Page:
22 while for an exporting firm its profit is given by Π X ϕ) = π ϕ) + nπ X ϕ) γϕ. 26) The optimal productivity level is such that N ϕ γ) = φ N ) P ) P ) γ ) γ for non-exporting firms, 27) for exporting firms where φ + nτ ). 28) Since exporting decisions are made after the firm has invested in its productivity, the firm chooses a higher productivity level if it plans to export afterward. The ratio φ can thus be interpreted as the productivity advantages of the exporting firms versus the nonexporting ones. By substituting Equation 27) into 25) and 26), the profits for both non-exporting and exporting firms become N Π γ) = ) P ) N Π X γ) = P ) ) γ κ 29) ) [ ) ] + nτ φ φ γ κ nκ X. 30) Observe that the gross profits are proportional to γ. The cutoff types are thus obtained as γ = γ X = [ { κ ) N P n κ X ) N P ) ) ] ) 3) [ ) )] } + nτ φ φ, such that Π γ) 0 if and only if γ γ and Π X γ) Π γ) if and only if γ γ X. Notice that, if γ γ X, then all operating firms choose high productivity levels and become exporters. Similar to the literature, we consider only the case of γ X counter-factual. 32) < γ because all firms exporting is 9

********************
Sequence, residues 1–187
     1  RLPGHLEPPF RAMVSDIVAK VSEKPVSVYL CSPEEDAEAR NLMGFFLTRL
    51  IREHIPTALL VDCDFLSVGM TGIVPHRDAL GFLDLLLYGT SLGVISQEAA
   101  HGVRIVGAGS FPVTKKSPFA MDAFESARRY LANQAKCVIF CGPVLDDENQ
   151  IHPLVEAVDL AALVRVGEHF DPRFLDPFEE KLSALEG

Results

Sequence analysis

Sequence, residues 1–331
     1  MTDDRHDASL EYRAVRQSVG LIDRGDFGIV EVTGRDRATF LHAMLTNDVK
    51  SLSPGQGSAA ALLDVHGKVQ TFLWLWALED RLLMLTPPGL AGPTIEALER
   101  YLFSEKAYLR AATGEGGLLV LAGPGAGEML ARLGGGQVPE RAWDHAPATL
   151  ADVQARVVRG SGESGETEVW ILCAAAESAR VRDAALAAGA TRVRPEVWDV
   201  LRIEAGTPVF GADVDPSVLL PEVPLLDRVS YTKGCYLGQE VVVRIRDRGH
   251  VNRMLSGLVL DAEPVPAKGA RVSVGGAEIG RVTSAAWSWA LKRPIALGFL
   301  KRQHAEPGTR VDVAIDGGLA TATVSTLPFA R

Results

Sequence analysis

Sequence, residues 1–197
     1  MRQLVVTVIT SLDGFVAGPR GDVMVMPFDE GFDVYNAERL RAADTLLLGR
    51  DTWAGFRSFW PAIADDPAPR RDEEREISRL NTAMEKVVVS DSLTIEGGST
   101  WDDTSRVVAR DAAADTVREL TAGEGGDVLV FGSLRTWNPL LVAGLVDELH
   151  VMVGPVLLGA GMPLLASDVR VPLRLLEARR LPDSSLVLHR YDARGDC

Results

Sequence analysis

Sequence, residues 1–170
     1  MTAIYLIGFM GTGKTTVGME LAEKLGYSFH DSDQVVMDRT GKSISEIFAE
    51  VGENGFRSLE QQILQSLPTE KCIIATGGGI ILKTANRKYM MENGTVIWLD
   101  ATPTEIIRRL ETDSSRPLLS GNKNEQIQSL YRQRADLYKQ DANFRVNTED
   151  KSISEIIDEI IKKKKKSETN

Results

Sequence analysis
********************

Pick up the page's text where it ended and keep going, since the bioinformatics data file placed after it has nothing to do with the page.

23 From 3) and 32), we have δ γ ) X κ [ = ) ] + nτ. 33) γ nκ X To ensure that γ X < γ, so that there are both exporters and non-exporters in the economy, we assume that δ <, which requires trade frictions κ X or τ to be sufficiently large relative to the fixed cost of production κ. In the entry stage, each firm decides whether to enter the market. The free entry condition implies that the equilibrium entry is such that the expected profit of entry equals the entry cost for each firm, E Π) γx 0 Π X γ) df γ) + γ γ X Π γ) df γ) = κ e. 34) An equilibrium is accordingly defined by 27), 3), 32), 34) and the aggregate price [ γ ) γx ) P =M e ϕ γ) df γ) + ϕ γ) df γ)] γ X 0 γx ) + nm e τ ϕ γ) df γ) 0 where M e denotes the mass of entrants paying the entry cost. The aggregate price is composed of three terms. The first and second terms are associated with the prices charged by domestic non-exporting and exporting firms, respectively. The third term is associated with the foreign exporters. Note that by 27), there is a jump in the function ϕ γ) at γ X. In Appendix A.4, we provide the derivation of the following equilibrium outcome. First, an equilibrium exists and is unique. In equilibrium, γ is given by κ γ 35) { [ Γ + ) ] } + nτ Γ X κ F γ ) nκ X F γ X ) = κ e, 36) where Γ z γ z γ Γ df γ) for z {, X}. Note that z 0 F γ z) is proportional to the average productivity of firms in 0, γ z ). Therefore, Γ z measures the contribution of the productivities in 0, γ z ) to the expected profit of an entrant. The price index and mass of entrant are ) ) P =N κ γ 37) 20